As used herein, the terms “treating”, “treat” or “treatment” include administering a therapeutically effective amount of an inhibitor(s) and/or agent(s) described herein sufficient to reduce or eliminate at least one symptom of the specified disease or condition.

As used herein, the terms “preventing”, “prevent” or “prevention” include administering a therapeutically effective amount of an inhibitor(s) and/or agent(s) described herein sufficient to stop or hinder the development of at least one symptom of the specified disease or condition.

The terms “polypeptide” and “protein” are generally used interchangeably and refer to a single polypeptide chain which may or may not be modified by addition of non-amino acid groups. It would be understood that such polypeptide chains may associate with other polypeptides or proteins or other molecules such as co-factors.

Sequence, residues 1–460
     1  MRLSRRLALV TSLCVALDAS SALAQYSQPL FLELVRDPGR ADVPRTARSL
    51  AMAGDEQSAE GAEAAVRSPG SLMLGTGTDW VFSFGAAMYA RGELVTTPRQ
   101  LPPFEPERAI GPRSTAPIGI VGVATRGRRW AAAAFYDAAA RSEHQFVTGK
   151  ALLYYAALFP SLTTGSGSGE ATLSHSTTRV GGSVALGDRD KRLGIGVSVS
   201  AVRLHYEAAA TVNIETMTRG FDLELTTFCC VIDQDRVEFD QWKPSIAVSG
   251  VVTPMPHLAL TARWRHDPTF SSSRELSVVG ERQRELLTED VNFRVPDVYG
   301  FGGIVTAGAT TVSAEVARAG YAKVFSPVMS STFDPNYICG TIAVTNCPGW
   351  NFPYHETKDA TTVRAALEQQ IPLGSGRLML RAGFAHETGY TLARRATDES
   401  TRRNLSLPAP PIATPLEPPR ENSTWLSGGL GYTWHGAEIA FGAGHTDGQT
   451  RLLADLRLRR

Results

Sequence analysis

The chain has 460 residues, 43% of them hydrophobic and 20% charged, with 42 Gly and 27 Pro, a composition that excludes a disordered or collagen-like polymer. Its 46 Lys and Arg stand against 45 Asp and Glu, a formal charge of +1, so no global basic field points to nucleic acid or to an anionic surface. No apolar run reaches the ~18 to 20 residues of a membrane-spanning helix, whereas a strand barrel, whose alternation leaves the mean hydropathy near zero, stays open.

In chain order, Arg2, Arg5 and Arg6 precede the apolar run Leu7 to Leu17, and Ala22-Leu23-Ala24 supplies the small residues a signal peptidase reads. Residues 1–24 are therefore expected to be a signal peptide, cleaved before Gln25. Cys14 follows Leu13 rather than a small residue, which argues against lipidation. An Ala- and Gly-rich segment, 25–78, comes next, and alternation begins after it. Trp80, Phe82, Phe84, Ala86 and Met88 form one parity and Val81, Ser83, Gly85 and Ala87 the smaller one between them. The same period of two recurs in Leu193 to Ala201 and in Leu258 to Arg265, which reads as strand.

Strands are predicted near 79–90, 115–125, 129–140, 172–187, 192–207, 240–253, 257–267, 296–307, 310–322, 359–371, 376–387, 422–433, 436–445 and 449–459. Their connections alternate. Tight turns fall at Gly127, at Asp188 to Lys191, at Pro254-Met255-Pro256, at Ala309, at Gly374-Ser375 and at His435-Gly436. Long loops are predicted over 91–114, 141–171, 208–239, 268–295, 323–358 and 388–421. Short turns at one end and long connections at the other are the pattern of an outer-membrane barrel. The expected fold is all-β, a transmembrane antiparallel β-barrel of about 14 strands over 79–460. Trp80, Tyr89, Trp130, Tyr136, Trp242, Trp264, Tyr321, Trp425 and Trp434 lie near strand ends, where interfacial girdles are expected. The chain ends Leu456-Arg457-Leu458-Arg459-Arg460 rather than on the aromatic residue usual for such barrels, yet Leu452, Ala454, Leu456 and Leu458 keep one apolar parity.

The terms “proteins” and “polypeptides” as used herein also include variants, mutants, modifications, analogous and/or derivatives of the polypeptides of the invention as described herein.

The term “recombinant” in the context of a polypeptide refers to the polypeptide when produced by a cell, or in a cell-free expression system, in an altered amount or at an altered rate compared to its native state. In one embodiment, the cell is a cell that does not naturally produce the polypeptide. However, the cell may be a cell which comprises a non-endogenous gene that causes an altered, preferably increased, amount of the polypeptide to be produced. A recombinant polypeptide of the invention includes polypeptides which have not been separated from other components of the transgenic (recombinant) cell, or cell-free expression system, in which it is produced, and polypeptides produced in such cells or cell-free systems which are subsequently purified away from at least some other components.